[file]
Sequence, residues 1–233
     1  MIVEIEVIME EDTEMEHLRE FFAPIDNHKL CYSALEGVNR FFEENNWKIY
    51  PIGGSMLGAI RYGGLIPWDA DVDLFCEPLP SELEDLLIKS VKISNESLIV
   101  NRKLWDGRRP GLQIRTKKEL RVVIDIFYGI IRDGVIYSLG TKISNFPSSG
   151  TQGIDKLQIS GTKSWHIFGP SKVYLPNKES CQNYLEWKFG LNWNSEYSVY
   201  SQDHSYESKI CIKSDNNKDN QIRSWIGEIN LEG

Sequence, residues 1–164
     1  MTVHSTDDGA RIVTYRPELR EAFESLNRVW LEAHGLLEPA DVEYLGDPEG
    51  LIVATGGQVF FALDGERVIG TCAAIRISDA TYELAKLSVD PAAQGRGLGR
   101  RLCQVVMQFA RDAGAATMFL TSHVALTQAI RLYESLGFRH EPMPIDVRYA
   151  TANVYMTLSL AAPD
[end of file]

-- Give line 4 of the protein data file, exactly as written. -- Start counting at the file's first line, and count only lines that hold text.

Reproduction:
   101  NRKLWDGRRP GLQIRTKKEL RVVIDIFYGI IRDGVIYSLG TKISNFPSSG